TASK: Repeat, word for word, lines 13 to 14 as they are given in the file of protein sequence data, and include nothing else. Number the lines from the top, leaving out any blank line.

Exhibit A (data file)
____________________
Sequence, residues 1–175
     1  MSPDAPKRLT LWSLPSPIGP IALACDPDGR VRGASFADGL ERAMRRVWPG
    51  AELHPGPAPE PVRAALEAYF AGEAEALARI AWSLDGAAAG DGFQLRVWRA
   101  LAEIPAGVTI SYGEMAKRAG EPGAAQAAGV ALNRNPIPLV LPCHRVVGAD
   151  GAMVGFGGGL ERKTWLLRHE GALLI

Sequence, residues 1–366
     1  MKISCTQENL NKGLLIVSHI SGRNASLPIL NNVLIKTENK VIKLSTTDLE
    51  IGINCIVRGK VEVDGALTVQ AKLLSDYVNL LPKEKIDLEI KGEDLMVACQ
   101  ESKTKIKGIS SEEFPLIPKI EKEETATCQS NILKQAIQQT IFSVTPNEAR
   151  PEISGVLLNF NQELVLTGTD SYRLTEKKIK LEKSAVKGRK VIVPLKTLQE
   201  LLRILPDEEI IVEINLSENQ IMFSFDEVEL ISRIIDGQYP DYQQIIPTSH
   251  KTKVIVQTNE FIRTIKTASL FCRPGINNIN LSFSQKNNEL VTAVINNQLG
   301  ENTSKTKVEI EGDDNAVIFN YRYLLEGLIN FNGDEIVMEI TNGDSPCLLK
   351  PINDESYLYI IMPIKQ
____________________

   301  ENTSKTKVEI EGDDNAVIFN YRYLLEGLIN FNGDEIVMEI TNGDSPCLLK
   351  PINDESYLYI IMPIKQ